Here’s a quick top for protecting a Microsoft Excel spreadsheet. When you protect a spreadsheet, it prevents other people from making changes or you from accidentally changing the document.

Note that this is NOT the same thing as password protecting a file to keep others out of it. To protect a worksheet, click the Review tab in the top ribbon.

Select Protect Sheet.

When the Protect Sheet window opens, you tick the boxes next to the actions you want to allow users of the worksheet to perform. You can also add a password that allows users to turn off protection.

Here’s what the various options do:

  • Select locked cells – Move the pointer to cells for which the Locked box is checked on the Protection tab of the Format Cells dialog box. By default, users are allowed to select locked cells.
  • Select unlocked cells – Move the pointer to cells for which the Locked box is unchecked on the Protection tab of the Format Cells dialog box. By default, users can select unlocked cells, and they can press the TAB key to move between the unlocked cells on a protected worksheet.
  • Format cells – Change any of the options in the Format Cells or Conditional Formatting dialog boxes. If you applied conditional formatting before you protected the worksheet, the formatting continues to change when a user enters a value that satisfies a different condition.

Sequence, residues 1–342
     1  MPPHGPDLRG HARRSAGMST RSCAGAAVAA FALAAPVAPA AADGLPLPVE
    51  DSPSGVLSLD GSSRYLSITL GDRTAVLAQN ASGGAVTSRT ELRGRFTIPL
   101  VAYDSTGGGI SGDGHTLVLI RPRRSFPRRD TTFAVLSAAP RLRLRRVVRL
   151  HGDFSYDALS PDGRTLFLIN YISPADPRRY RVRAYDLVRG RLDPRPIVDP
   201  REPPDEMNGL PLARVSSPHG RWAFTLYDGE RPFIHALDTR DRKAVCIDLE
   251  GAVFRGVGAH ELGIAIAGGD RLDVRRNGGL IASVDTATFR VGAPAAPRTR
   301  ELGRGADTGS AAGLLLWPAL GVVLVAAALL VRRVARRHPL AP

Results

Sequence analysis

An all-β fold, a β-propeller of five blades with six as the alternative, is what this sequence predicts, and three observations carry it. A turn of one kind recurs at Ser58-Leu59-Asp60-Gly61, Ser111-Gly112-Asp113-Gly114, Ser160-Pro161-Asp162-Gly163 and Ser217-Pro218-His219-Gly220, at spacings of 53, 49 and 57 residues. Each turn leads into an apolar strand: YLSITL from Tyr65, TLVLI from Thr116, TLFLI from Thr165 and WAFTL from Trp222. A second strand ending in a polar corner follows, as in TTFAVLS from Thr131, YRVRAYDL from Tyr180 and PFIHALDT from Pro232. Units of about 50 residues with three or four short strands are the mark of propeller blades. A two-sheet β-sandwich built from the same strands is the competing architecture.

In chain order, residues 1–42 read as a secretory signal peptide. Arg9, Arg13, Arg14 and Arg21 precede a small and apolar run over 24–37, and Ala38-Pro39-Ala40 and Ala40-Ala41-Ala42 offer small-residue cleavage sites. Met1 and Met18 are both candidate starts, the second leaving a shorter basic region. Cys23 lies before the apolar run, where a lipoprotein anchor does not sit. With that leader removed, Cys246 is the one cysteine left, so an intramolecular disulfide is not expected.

• Format columns – Use any of the column formatting commands, including changing column width or hiding columns (Home tab, Cells group, Format button).
  • Format rows – Use any of the row formatting commands, including changing row height or hiding rows (Home tab, Cells group, Format button).
  • Insert columns – Insert columns.
  • Insert rows – Insert rows/
  • Insert hyperlinks – Insert new hyperlinks, even in unlocked cells.
  • Delete columns – Delete columns.
  • Delete rows – Delete rows
  • Sort – Use any commands to sort data (Data tab, Sort & Filter group).
  • Use AutoFilter – Use the drop-down arrows to change the filter on ranges when AutoFilters are applied.
  • Use PivotTable reports – Format, change the layout, refresh, or otherwise modify PivotTable reports, or create new reports.

Edit objects – Doing any of the following:

◾Make changes to graphic objects including maps, embedded charts, shapes, text boxes, and controls that you did not unlock before you protected the worksheet. For example, if a worksheet has a button that runs a macro, you can click the button to run the macro, but you cannot delete the button.

◾Make any changes, such as formatting, to an embedded chart. The chart continues to be updated when you change its source data.

◾Add or edit notes.

Edit scenarios – View scenarios that you have hidden, making changes to scenarios that you have prevented changes to, and deleting these scenarios. Users can change the values in the changing cells, if the cells are not protected, and add new scenarios.